Naomi Buck is a Toronto-based writer.
A few weeks ago, a teacher friend told me about an assignment that a student in her Grade 5 English class had handed in. The task was to write a scary Halloween story. The student wrote: “It was a boring school day and I wanted to die.”
For my friend, a committed teacher of 10 years, the statement is a symptom of the times. Every day, she is confronted with students whose needs she can’t begin to meet. Her ability to do her job – to teach – rests on the support of a dwindling army of educational assistants.
On Friday, the workers that keep Ontario’s education system afloat are scheduled to go on strike. They include educational assistants, special needs assistants, early childhood educators, custodians, librarians and administrators. Collectively, these people assist struggling students, teach English to new arrivals to Canada, apply Band-Aids to scraped knees, show students how to navigate the internet, assist disabled children in the bathroom, sweep floors and scrub toilets.
It’s not glamorous work, it’s done largely by women and it’s the lowest paid work in public education. But without it, there would be no education.
On average, the front-line education workers who are going on strike earn $39,000 a year. A living wage – the minimum income to meet basic needs – in Toronto, home to Canada’s largest school board, is $42,900. This explains why many of these education workers spend their evenings behind the till at Winners or Dollarama. They cannot live off their day jobs.
The 55,000 striking education workers, represented by the Canadian Union of Public Employees (CUPE), are requesting a salary increase that would bring them into the realm of a living wage. It amounts to an 11.7-per-cent increase, which sounds like a lot until you consider that over the past decade, the 8.5-per-cent increase in these workers’ wages has been far outpaced by the 17.8-per-cent rise in inflation. In real terms, they have been taking, year over year, ever deeper wage cuts, falling further behind public-sector workers at all levels of government.
Education Minister Stephen Lecce prefers not to speak in real terms. Defending his government’s beggarly offer – a 2.5-per-cent annual raise to workers making less than $43,000, and 1.5 per cent for those earning more – he glorifies the education workers’ pension and benefit program and claims that “equivalent workers” in other sectors – he cited manufacturing, finance and factories in an interview on CBC Metro Morning – are perfectly content with comparable wage levels. The comparison says a lot about our Minister of Education; for him, the business of education is not so very different from any other.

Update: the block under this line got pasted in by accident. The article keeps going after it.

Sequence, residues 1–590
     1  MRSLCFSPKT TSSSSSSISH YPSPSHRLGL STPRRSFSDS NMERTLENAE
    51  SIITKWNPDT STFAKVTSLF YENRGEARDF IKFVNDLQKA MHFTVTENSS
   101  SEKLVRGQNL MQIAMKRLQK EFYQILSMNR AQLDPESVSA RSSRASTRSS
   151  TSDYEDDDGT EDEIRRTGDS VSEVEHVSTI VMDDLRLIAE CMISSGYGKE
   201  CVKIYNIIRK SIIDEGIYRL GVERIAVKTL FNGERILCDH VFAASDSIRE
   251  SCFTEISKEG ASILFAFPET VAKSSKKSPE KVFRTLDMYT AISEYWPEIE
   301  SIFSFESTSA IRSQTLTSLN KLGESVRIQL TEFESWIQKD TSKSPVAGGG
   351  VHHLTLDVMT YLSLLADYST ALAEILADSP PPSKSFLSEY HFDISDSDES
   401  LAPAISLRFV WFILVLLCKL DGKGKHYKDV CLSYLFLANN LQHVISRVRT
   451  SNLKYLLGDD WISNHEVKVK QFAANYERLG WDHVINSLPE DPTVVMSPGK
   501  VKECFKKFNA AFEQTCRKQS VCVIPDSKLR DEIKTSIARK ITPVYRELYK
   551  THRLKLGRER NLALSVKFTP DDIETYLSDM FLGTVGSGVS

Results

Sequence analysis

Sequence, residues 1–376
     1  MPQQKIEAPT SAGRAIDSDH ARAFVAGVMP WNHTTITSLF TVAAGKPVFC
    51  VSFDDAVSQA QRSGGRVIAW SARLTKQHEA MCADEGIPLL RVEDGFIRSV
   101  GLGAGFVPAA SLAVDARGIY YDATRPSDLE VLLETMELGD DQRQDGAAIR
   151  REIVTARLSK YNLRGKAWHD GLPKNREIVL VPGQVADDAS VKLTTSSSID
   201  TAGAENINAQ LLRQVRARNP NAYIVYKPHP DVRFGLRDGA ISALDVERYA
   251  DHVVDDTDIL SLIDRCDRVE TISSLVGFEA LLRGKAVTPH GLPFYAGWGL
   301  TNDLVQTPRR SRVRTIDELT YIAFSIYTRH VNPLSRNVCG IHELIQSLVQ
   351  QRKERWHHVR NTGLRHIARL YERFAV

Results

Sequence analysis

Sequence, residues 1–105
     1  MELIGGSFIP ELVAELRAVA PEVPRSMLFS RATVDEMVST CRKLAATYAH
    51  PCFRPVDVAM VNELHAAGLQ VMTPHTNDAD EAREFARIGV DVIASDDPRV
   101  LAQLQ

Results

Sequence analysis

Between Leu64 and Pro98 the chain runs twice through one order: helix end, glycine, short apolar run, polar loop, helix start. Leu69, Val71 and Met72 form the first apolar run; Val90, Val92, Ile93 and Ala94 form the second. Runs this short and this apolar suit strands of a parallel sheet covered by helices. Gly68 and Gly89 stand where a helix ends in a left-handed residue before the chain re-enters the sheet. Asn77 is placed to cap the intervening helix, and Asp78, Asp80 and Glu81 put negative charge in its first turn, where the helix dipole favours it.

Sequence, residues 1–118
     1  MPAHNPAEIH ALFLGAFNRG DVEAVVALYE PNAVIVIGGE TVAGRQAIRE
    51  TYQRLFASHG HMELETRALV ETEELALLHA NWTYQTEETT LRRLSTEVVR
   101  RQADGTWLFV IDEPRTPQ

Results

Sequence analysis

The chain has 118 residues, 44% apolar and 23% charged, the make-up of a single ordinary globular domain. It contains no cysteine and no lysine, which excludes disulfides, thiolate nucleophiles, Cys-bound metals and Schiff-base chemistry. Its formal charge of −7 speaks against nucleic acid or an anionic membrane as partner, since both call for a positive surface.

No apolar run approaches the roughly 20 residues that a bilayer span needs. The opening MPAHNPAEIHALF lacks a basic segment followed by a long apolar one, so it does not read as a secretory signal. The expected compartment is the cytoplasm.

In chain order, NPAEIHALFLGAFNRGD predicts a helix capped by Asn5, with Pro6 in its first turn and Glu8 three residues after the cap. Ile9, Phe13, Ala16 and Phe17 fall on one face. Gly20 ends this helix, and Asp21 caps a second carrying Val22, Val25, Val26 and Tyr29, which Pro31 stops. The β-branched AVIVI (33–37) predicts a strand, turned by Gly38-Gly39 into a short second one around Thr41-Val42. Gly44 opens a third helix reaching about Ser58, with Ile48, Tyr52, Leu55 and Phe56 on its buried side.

But it is. Take the job of the educational assistant – for whom there simply is no equivalent in a bank or factory. Many parents, like myself, grew up in an era when kids who were not cutting the mustard at school “failed”; likewise, special-needs students attended separate schools. The language has changed, and so have the times. In step with broader social trends and human rights legislation, the education system has moved to bring students of all needs and abilities together into the same classroom. The strategy is both laudable and ambitious, and its success rests entirely on the availability of qualified helpers.
In Ontario, those helpers – educational assistants – earn a starting salary around $15 an hour. If they stick around, they may one day make something in the high 20s. For that paltry sum, they help students whose challenges range from dyslexia through non-verbal autism, who may be screen-addicted, undernourished, traumatized, prone to violent outbursts or all of the above. For that paltry sum, they make it possible for other students to learn.
Perhaps this reality is too far removed from Mr. Lecce, who attended private school and now takes home a tidy $165,851 annually. As a friend of mine who worked her way up from educational assistant to principal in the Toronto District School Board says, often, the hardest working individuals in a school are the lowest paid.
But everyone has their limits and it’s no wonder, particularly after pandemic measures that have brutally affected student learning and mental health, that educational assistants are reaching theirs. In a survey conducted last March by the education advocacy group People for Education, 90 per cent of principals across Ontario identified staffing shortages as their primary challenge. Some school boards have lowered their criteria for educational assistants to accept students in any child-related program, no diploma or professional experience required.
When education workers are demoralized, underpaid or in short supply, the entire edifice begins to crumble. At my son’s school, in midtown Toronto, a homophobic slur against a teacher was covered with paper for a week before a custodian – there was only one for the first several weeks of school, compared with eight a generation ago – found the time to paint over it.
The Ford government is playing an old song when it pits itself as the guarantor of students’ best interests against money-grubbing education workers who are willing to jeopardize kids’ education by going on strike. It’s banking on the exasperation of pandemic-weary parents. But Mr. Lecce may be misreading the room when he tweets “100% of parents want their children in class.” What all parents really want are safe, functional schools where teachers can teach and students can learn.